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Design of a modified Cherry-Hooper transimpedance amplifier with DC offset cancellation

Description

Optical receivers have many different uses covering simple infrared receivers, high speed fiber optic communication and light based instrumentation. All of them have an optical receiver that converts photons to

Optical receivers have many different uses covering simple infrared receivers, high speed fiber optic communication and light based instrumentation. All of them have an optical receiver that converts photons to current followed by a transimpedance amplifier to convert the current to a useful voltage. Different systems create different requirements for each receiver. High speed digital communication require high throughput with enough sensitivity to keep the bit error rate low. Instrumentation receivers have a lower bandwidth, but higher gain and sensitivity requirements. In this thesis an optical receiver for use in instrumentation in presented. It is an entirely monolithic design with the photodiodes on the same substrate as the CMOS circuitry. This allows for it to be built into a focal-plane array, but it places some restriction on the area. It is also designed for in-situ testing and must be able to cancel any low frequency noise caused by ambient light. The area restrictions prohibit the use of a DC blocking capacitor to reject the low frequency noise. In place a servo loop was wrapped around the system to reject any DC offset. A modified Cherry-Hooper architecture was used for the transimpedance amplifier. This provides the flexibility to create an amplifier with high gain and wide bandwidth that is independent of the input capacitance. The downside is the increased complexity of the design makes stability paramount to the design. Another drawback is the high noise associated with low input impedance that decouples the input capacitance from the bandwidth. This problem is compounded by the servo loop feed which leaves the output noise of some amplifiers directly referred to the input. An in depth analysis of each circuit block's noise contribution is presented.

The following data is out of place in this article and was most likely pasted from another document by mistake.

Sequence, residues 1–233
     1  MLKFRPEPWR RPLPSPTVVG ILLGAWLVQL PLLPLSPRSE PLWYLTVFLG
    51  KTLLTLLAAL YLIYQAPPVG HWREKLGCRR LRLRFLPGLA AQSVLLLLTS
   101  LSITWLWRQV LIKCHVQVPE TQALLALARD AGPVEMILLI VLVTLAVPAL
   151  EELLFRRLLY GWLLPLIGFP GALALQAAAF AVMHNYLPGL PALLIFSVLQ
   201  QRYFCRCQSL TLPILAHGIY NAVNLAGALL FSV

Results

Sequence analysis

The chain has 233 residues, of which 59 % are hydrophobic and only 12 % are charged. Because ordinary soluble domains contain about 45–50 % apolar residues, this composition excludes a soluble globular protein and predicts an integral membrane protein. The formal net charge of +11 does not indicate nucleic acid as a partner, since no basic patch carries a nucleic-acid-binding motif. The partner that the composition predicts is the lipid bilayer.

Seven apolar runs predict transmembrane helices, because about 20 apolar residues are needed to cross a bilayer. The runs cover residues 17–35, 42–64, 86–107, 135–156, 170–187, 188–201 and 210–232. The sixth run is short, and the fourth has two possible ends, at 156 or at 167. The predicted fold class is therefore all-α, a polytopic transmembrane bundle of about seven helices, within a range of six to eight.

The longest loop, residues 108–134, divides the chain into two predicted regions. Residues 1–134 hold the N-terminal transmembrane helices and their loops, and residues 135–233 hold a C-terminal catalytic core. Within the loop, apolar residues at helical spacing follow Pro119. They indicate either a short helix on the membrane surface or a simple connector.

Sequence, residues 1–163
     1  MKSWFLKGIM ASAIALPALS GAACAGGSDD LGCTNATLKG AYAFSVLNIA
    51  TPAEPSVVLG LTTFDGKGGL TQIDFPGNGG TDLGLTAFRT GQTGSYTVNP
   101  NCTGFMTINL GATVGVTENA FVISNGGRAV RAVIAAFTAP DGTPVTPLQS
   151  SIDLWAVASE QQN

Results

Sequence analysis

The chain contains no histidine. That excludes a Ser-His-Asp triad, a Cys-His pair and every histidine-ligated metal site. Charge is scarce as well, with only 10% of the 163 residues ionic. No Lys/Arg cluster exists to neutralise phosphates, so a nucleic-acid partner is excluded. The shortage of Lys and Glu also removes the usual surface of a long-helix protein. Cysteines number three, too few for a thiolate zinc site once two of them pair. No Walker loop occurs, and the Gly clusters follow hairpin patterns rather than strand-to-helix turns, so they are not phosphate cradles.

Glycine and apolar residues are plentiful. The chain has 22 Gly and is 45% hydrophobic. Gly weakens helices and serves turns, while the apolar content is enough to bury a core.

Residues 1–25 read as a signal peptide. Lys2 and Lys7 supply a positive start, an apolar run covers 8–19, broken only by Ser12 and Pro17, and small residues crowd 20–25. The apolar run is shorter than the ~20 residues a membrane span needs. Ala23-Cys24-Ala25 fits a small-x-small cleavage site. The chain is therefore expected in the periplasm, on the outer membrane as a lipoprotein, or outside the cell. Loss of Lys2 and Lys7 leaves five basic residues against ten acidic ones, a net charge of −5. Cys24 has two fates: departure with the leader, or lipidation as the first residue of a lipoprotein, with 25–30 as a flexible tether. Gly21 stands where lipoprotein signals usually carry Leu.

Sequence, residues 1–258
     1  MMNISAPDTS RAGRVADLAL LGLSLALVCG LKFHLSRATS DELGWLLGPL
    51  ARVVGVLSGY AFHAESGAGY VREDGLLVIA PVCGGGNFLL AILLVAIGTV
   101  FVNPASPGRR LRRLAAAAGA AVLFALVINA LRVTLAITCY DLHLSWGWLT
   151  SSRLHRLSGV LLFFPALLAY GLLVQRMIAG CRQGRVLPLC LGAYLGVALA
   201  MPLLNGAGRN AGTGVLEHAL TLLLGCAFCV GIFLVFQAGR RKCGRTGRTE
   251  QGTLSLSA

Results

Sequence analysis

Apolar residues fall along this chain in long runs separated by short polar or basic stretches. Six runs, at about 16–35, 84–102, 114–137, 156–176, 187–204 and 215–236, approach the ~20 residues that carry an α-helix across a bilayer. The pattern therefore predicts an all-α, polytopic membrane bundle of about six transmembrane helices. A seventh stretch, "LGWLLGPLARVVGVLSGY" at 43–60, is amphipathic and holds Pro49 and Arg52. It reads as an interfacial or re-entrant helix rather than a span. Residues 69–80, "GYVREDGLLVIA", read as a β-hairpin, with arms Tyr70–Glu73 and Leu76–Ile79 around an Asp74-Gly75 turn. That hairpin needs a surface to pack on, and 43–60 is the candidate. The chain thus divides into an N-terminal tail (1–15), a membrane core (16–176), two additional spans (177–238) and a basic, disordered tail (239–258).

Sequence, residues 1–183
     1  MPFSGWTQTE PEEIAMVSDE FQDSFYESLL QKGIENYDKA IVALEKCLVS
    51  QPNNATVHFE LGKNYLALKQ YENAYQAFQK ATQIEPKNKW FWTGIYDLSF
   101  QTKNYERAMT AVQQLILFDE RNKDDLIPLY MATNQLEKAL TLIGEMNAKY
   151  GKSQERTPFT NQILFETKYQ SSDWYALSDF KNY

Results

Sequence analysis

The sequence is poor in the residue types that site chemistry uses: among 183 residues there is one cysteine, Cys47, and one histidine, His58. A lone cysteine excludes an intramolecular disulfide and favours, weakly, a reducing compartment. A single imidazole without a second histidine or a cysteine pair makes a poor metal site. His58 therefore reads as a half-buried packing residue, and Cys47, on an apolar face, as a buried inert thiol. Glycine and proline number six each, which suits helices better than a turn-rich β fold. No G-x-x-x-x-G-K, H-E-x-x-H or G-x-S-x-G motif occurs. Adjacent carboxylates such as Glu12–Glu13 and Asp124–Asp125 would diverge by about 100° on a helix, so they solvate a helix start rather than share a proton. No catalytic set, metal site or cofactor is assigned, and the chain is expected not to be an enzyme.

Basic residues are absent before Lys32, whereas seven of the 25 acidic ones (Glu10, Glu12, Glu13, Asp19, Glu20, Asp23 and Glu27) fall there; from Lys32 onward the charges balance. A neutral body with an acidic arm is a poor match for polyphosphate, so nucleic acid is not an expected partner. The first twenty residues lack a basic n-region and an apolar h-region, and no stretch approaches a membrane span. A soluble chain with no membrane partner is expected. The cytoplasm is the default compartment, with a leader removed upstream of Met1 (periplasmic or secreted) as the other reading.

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Date Created
  • 2011

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A 500MSPs bipolar SiGe track and hold circuit with high SFDR

Description

The front end of almost all ADCs consists of a Sample and Hold Circuit in order to make sure a constant analog value is digitized at the end of ADC.

The front end of almost all ADCs consists of a Sample and Hold Circuit in order to make sure a constant analog value is digitized at the end of ADC. The design of Track and Hold Circuit (THA) mainly focuses on following parameters: Input frequency, Sampling frequency, dynamic Range, hold pedestal, feed through error. This thesis will discuss the importance of these parameters of a THA to the ADCs and commonly used architectures of THA. A new architecture with SiGe HBT transistors in BiCMOS 130 nm technology is presented here. The proposed topology without complicated circuitry achieves high Spurious Free Dynamic Range(SFDR) and Total Harmonic Distortion (THD).These are important figure of merits for any THA which gives a measure of non-linearity of the circuit. The proposed topology is implemented in IBM8HP 130 nm BiCMOS process combines typical emitter follower switch in bipolar THAs and output steering technique proposed in the previous work. With these techniques and the cascode transistor in the input which is used to isolate the switch from the input during the hold mode, better results have been achieved. The THA is designed to work with maximum input frequency of 250 MHz at sampling frequency of 500 MHz with input currents not more than 5mA achieving an SFDR of 78.49 dB. Simulation and results are presented, illustrating the advantages and trade-offs of the proposed topology.